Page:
Hosea’s wife was pregnant and the prophet knew he was not the father. (Now that’s awkward!) I wonder if he told Gomer he knew the truth. One can only imagine what degree of domestic tranquility the following months brought! At any rate, when the baby was born Hosea said they should call him Lo-Ammi, which means, “not my people”.
This story is found in the first chapter of Hosea, and it’s where we got the name for the kitten.
Monica was about ten years old and she had found a little injured ball of fur in the street in front of our house. We couldn’t tell if it had been attacked by a dog or hit by a car, but it was pretty badly mauled. She cleaned it up and bandaged its mangled tail, and put it in a box with some food. “Can we keep it? Please?”
We already had two cats and a dog, so I was pretty sure John would say we didn’t need another cat. He’s not a big cat lover to begin with.
“We don’t need another cat.” As I had expected John was adamant. But he did agree that Monica could nurse the kitten back to health and try to find a home for her.
“We can call her LoAmmi,” I told Monica, “since she’s not our cat.” I was halfway joking, but the name stuck.
LoAmmi recovered and thrived. We asked everyone we knew if they wanted a kitten; a very nice kitten, a very cute kitten… except for her crooked tail.
More or less resounding refusals from every quarter!
I talked with my friends – Lori’s husband said maybe, but Lori said absolutely not! Colleen was somewhat interested but Tony was unequivocal in his refusal. Robyn and Chuck just laughed.
Monica called the humane society and was told that they could put the kitten to sleep, humanely…for a fee.
“I don’t want them to kill her!” Monica wailed. We particularly didn’t want to pay to have her killed.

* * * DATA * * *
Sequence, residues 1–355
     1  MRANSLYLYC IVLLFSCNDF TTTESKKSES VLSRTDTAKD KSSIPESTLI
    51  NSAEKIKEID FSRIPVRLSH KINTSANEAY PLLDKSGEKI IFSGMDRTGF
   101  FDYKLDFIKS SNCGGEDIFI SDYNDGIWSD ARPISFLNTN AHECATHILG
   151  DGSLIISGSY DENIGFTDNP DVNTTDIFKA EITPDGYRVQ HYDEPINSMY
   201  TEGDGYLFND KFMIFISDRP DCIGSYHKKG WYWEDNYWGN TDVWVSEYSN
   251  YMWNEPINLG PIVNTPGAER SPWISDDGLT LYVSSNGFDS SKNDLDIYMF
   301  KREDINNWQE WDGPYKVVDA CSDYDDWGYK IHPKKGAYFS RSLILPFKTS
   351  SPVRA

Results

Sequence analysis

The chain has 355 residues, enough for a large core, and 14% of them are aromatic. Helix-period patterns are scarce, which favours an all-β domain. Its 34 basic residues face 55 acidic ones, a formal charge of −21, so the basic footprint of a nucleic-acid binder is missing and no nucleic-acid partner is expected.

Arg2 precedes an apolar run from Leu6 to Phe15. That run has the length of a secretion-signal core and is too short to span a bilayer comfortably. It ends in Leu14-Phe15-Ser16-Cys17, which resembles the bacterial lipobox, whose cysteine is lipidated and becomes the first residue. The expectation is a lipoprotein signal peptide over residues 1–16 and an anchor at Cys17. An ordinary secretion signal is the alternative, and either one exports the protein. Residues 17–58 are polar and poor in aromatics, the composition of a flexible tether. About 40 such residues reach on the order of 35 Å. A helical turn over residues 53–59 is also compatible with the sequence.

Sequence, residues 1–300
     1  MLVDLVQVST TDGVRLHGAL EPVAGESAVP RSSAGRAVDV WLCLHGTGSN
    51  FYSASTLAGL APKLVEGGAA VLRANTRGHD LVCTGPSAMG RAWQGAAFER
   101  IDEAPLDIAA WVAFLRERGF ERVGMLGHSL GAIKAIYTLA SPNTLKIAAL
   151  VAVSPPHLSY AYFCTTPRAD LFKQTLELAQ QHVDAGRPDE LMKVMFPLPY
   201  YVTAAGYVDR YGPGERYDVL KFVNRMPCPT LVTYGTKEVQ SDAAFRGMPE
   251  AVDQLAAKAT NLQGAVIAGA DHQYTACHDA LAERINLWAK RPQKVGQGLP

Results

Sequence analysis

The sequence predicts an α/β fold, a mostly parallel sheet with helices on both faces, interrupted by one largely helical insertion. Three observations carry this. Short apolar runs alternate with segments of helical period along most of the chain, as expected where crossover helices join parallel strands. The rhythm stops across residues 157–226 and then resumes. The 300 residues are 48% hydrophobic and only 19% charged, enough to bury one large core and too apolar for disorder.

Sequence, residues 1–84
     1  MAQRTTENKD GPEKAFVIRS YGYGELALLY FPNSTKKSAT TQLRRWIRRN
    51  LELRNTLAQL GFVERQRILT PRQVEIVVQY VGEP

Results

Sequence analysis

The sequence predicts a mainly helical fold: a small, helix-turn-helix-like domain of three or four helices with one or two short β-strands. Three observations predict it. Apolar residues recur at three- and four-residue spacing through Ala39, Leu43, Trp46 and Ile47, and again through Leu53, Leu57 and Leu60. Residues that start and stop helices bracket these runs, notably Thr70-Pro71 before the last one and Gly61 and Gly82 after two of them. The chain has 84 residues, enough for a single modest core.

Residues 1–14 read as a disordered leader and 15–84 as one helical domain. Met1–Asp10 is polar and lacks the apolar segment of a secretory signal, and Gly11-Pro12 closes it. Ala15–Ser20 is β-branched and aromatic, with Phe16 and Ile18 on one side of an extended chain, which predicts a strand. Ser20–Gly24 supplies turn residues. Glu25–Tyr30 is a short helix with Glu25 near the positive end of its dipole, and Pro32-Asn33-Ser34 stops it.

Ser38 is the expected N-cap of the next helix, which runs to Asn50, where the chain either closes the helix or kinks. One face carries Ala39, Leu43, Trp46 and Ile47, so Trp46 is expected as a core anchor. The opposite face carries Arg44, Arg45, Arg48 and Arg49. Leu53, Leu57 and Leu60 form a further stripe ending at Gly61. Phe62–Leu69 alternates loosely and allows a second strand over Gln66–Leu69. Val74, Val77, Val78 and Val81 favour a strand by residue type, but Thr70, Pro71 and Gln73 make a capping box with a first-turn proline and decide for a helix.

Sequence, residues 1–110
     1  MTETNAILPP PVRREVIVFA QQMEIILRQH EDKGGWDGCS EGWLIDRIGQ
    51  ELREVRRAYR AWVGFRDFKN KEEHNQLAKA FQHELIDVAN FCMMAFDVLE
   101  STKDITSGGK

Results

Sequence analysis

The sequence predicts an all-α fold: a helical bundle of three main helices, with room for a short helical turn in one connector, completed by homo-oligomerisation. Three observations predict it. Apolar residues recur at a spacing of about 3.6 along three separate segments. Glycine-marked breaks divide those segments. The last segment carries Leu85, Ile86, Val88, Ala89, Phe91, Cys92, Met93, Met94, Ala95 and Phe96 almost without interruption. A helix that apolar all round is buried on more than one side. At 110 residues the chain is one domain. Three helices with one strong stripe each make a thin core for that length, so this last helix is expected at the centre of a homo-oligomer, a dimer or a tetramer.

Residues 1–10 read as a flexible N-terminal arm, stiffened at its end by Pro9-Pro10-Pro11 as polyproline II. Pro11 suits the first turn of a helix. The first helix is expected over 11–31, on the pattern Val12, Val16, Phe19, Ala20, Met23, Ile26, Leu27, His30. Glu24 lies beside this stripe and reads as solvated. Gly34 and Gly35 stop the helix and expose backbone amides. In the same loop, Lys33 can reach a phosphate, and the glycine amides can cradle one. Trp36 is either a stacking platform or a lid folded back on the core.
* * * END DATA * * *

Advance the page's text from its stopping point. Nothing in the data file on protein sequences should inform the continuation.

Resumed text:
Time passed and LoAmmi was not living up to her name! She was, in fact, beginning to wiggle her way into all of our affections. But we didn’t need another cat.
As a last resort, Monica put the kitten in a tall cardboard box with a blanket, and set it outside our back gate with a sign that said “Free to a good home.” LoAmmi managed to climb out of the box, over the gate and back into our yard.
That night Monica told John the story, “Daddy it was so cute! She’s so little and she got out of that big box. And that fence is so high and she climbed all the way over it and came walking right up to the back door.”
John pondered this for a few moments. I think he also rolled his eyes, realizing he was in checkmate. “Well, if she’s going to stay here we’d better get her fixed.”
And so LoAmmi became our kitty in fact, if not in name.
We had had three cats over the years before we got LoAmmi. They were all well-loved, and declawed, and actually allowed to live in the house. They were all handsome cats and good pets, but none of them loved us like this little stray with the crooked tail.
LoAmmi never became a house cat, but every time the door is opened she’s there to rub herself against the leg and say hello, or to roll onto her back for a belly rub. We have never known a cat that liked people as much as she does.
LoAmmi (LoLo) has been with us for many years now, and even John remarks that the little cat is all about relationships. He insists that she must be part dog.